During the housing recession, LBM dealers paired operations down to the bone, closing locations and cutting payrolls. Now, with the economy on the mend, they’re looking to technology to meet the increased demand without necessarily hiring new workers.
“Doing more with the same, that’s the goal,” says Candy Loweke, a process analyst at Raymond Building Supply (RBS), in Fort Myers, Fla.
RBS suffered a brutal retrenchment, shrinking from 1,000 employees across five locations to 200. The dealer focused on technology during those lean years and now plans to use those tools to meet the rising market with fewer workers.
“Some of the biggest technology changes that we made were during that time,” Loweke says. “We want to do as much as possible with the least amount of people.”
Whether it’s leveraging the power of a customer relationship management (CRM) program to build companywide teams, doing away with paper, or pushing information out to on-the-road sales professionals, companies are finding new ways to meet the challenges of the growing market.
RBS switched from clipboards and paper to tablet computers mounted on forklifts in the warehouse to boost productivity. The move saves time traveling back and forth between the warehouse and office to retrieve paper orders. “[The employee] doesn’t have to spend half his day going back to dispatch to get a piece of paper,” Loweke says.
“You can take a task that a guy spends three or four hours doing—paperwork and that sort of thing—and remove three quarters of that time,” she says. “He’s freed up to do more and I don’t have to hire someone else when we get busier because he has the time.”
Parksite, in Batavia, Ill., found that by moving its CRM software from sales to the entire company, new team relationships developed allowing the company to operate more efficiently, according to Blake Chadick, director of information technology.
A truck driver making a delivery can contact the sales department if he sees something on the jobsite they need to be aware of.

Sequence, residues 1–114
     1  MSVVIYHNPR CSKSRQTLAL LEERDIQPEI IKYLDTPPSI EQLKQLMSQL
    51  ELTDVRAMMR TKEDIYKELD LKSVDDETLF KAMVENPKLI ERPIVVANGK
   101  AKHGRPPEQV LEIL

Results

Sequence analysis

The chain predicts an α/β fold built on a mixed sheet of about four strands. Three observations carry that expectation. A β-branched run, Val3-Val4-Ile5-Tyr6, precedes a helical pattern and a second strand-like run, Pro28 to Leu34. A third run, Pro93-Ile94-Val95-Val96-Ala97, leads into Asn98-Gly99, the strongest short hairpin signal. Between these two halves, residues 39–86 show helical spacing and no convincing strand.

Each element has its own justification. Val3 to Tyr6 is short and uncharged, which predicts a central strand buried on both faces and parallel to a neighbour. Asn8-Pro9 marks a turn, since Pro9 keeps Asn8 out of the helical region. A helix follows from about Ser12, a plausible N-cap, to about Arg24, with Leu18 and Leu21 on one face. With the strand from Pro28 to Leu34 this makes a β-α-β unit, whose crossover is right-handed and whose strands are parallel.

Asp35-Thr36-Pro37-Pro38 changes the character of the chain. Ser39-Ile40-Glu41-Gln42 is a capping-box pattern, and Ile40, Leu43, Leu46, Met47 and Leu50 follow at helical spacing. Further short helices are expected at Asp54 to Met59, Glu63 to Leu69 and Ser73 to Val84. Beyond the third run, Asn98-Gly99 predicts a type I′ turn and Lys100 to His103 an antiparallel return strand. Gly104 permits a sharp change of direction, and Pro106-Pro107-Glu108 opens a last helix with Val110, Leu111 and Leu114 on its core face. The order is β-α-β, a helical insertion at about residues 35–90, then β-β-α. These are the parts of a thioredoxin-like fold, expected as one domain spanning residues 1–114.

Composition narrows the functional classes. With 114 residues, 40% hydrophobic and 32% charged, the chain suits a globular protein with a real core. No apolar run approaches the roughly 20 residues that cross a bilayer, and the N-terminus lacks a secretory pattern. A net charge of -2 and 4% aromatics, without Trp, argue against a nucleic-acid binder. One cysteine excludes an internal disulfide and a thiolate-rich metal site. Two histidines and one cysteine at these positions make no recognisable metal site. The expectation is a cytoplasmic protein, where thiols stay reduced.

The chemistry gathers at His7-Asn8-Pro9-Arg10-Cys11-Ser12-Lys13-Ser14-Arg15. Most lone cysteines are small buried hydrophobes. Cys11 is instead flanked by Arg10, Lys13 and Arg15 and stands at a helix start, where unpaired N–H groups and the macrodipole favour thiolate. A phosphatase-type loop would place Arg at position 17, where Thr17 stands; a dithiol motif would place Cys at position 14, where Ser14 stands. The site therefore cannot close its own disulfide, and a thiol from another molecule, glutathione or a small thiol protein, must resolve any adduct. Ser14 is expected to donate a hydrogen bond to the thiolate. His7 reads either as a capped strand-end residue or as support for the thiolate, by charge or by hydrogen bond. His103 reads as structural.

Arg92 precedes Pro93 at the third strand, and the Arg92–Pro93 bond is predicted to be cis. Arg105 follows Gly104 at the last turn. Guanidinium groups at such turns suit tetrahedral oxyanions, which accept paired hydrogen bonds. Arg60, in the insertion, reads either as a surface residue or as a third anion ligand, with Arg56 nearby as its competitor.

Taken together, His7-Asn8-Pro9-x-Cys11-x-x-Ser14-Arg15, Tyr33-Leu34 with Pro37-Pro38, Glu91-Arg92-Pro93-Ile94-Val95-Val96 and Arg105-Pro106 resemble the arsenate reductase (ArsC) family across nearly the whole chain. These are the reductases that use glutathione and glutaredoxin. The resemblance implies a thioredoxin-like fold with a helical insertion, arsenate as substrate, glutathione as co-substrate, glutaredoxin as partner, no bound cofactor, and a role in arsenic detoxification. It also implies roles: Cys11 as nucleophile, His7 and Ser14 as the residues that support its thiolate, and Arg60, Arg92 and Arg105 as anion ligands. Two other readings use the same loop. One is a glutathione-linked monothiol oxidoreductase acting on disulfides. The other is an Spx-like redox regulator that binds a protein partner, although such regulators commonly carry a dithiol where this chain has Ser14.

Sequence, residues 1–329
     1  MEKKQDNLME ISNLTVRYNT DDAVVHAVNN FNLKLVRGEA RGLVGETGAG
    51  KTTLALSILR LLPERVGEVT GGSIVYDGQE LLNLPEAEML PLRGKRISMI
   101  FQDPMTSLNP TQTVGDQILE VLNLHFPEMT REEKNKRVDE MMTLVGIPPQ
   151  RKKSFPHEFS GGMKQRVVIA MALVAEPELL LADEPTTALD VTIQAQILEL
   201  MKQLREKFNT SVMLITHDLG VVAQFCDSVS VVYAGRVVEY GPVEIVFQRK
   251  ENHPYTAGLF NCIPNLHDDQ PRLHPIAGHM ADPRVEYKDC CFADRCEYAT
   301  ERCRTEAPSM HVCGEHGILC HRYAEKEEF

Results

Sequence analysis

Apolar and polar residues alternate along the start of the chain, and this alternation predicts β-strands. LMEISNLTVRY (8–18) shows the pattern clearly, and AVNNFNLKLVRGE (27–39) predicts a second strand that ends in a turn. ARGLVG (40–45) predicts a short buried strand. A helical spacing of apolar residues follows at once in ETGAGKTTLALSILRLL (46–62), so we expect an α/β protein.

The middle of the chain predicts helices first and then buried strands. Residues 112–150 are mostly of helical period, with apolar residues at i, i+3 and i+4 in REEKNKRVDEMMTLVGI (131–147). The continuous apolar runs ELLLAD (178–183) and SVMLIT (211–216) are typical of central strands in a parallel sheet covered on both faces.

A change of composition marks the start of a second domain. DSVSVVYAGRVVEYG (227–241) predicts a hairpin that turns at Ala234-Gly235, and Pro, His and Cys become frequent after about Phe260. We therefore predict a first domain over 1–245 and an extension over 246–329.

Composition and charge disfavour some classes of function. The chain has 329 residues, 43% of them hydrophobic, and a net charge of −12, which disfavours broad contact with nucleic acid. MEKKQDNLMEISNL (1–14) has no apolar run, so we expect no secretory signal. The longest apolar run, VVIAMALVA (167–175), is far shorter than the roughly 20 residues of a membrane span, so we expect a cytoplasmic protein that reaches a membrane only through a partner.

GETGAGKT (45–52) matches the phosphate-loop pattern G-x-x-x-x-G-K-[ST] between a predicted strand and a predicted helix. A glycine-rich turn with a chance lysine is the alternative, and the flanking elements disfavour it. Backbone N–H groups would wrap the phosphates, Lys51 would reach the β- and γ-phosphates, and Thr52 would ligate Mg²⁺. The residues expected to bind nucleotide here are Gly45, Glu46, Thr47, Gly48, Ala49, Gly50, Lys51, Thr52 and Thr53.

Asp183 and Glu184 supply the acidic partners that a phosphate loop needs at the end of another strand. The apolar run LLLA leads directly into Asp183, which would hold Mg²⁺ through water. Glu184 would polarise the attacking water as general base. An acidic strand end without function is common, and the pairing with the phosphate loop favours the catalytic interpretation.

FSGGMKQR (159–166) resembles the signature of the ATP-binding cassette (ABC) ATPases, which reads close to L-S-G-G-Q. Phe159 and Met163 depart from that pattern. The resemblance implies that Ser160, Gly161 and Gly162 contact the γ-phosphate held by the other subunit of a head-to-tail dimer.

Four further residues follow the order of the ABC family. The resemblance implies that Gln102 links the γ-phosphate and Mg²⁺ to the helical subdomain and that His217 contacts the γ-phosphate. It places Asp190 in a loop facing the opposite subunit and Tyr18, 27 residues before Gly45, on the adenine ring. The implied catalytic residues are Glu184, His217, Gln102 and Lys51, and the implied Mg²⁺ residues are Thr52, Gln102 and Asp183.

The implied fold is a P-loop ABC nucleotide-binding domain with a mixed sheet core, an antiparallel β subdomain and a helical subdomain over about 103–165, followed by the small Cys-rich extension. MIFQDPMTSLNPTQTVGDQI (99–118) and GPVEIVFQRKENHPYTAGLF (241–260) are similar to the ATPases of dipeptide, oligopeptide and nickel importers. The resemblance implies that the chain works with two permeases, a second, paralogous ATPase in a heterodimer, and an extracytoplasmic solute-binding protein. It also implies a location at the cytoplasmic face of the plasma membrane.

“Now everyone has the ability to contribute to the business, Chadick says. “From the truck driver to the warehouse to the logistic supervisor, all the way through our sales organization and finance department.”
Magbee Contractors Supply, in Winder, Ga., uses smartphone apps, such as Evernote, to encourage information sharing throughout the company, according to Robert G. Magbee Jr.
“We use Evernote a lot now, mostly to share notes or articles or our internal newsletter, but also when syncing and sharing documents with salespeople, sales managers, the CEO, and more,” Magbee says.
He’s not alone in using the power of smartphones to improve operations, according to Cristina Bowerman, vice president of communications and member services at Construction Suppliers Association. Many use smartphone apps that allow salespeople to take photos of documents and turn them into PDF files that can be sent back to the office. “Industries globally are using these apps to improve communication,” Bowerman says.
Andrew Brown, vice president of Brown Lumber & Building Supply, in Columbiana, Ala., uses a GPS mobile app and a Web service called Dropbox to monitor deliveries.
“We started out by taking pictures of every side of the truck with a Kodak camera. We had a little whiteboard with the invoice number. Now each driver gets a phone that can take photos,” Brown says.
For a customer asking about a delivery, Brown checks the GPS app to see exactly where the truck is. He uses Dropbox to store company documents and images, creating folders with pricing and product information that can be accessed by outside sales reps.
“We don’t have the money and resources that 84 Lumber or Carter Lumbers and those guys have,” Brown says. “I try to just bum everyone else’s good ideas.”